Phil Spector's Claim Called 'Preposterous'

When he goes on trial later this year for the 2003 shooting death of Lana Clarkson, legendary record producer Phil Spector is expected to claim the actress committed suicide during a predawn visit to his home. But in an exclusive interview with ABC News, Clarkson's family calls that "ridiculous."

"That's preposterous," said Fawn Clarkson, Lana's sister. "I've known my sister my whole life and there's no way she committed suicide.

Watch John Quiñones' exclusive interview on 'Primetime Live' on Thursday at 10 p.m. ET.

"She was going to take me to go see the movie 'Chicago,'" Fawn said. "That's ridiculous."

Donna Clarkson, Lana's mother, told ABC News' John Quiñones: "My answer to 'Did she kill herself?' is 'Of course not.'"

Asked if they believe Spector is guilty, Donna Clarkson said, "I think the evidence will speak for itself -- and in my heart I know the truth. I know my daughter.

"I'd like Mr. Spector to tell the truth," she added. "I'd like him to tell everyone what happened."

Spector was charged with murder in November, but the complaint did not specify whether prosecutors will seek a first- or second-degree murder conviction. He pleaded not guilty and has been free on $1 million bail.

Deadly Circumstances

Early on Feb. 3, 2003, Clarkson was found fatally shot in the face at Spector's mansion near Los Angeles. Clarkson, 40, had met Spector, now 64, hours earlier at the House of Blues, where she had been working as a hostess.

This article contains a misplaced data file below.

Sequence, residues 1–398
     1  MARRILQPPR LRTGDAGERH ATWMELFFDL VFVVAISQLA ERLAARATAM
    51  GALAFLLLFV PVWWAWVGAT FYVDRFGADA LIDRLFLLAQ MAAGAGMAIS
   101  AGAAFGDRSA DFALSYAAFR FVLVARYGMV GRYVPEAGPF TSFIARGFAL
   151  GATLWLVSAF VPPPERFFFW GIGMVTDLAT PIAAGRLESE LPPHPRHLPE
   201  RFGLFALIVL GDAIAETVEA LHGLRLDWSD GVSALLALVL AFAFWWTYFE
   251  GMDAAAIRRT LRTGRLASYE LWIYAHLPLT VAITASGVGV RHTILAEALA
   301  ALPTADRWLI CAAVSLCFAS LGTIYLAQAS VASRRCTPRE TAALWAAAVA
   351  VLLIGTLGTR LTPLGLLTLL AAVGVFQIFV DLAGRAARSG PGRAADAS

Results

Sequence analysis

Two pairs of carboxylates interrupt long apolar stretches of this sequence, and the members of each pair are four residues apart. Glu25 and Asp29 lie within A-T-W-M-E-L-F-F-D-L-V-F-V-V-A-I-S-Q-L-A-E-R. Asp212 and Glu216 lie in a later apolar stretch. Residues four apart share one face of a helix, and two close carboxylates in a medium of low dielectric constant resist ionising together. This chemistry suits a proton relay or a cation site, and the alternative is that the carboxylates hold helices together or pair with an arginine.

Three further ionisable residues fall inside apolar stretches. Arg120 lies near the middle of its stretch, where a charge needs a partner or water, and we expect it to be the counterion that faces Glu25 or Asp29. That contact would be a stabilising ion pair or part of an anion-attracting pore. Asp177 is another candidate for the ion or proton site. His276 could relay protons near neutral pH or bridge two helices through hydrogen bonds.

Both Clarkson's mother and sister say Lana had felt uncomfortable taking a hostess job, when she had previously had some success as an actress.

She had appeared in hit shows like "Three's Company," "The Jeffersons," "The A-Team," "Knight Rider" and "Night Court." Low-budget film director Roger Corman even built a series of movies around her called "Barbarian Queen."

"She didn't want people to know she was working there, that she had to have a regular job," said Fawn Clarkson.

"She was actually a little embarrassed that here she was, because she'd always worked as an actor," Donna Clarkson said.

But they don't think it was unusual that she went home with Spector, since Lana was trying to branch out into a music career.

Spector created the "wall of sound" production technique prominent in many rock 'n' roll songs, and worked with many of its luminaries, including The Righteous Brothers, The Beatles, Tina Turner, Cher, The Ramones and Duran Duran.

"Most of the time, when you're a musician, you're up all night. And you know, you socialize at night," Donna said. "I'm sure she was wanting to show her showcase to whoever wanted to see it . … Music was a fascination she hadn't conquered yet."

Lasting Memory

Fawn and Donna complain Lana has often been described in media reports as a "B-movie" actress. They feel her memory has unfairly come under attack.

They say she was much more -- a loving daughter and caring sister with a 20-year career as a working actress -- and this is why they decided to speak out.

"I want to support everyone in trying to make this fair," Donna said. "It's for Lana."

Donna says her daughter is still fresh in her mind. She said of the experience of learning of Lana's death, "it's just like it was a moment ago."

"I feel like she's going to come in the door any minute … that she'll be here any moment, and I haven't been able to turn her cell phone off," she said.

She said the last words her daughter said to her were: "'I love you, Mom. Thank you, Mom.'"

Saving Souls

Donna Clarkson says if she could talk to Spector, she would tell him "to tell the truth, for our souls."

"I would tell Mr. Spector that the most important thing for him is to preserve his own soul," she said. "I want him to look at his soul and what he needs to do to preserve it for himself."

Donna said she would pray for Spector, and pray for strength and have faith that "God has a bigger picture and that vengeance is not for me. Truth is for me."

Donna Clarkson has kept her daughter's Web site running for the two years since she was killed. It is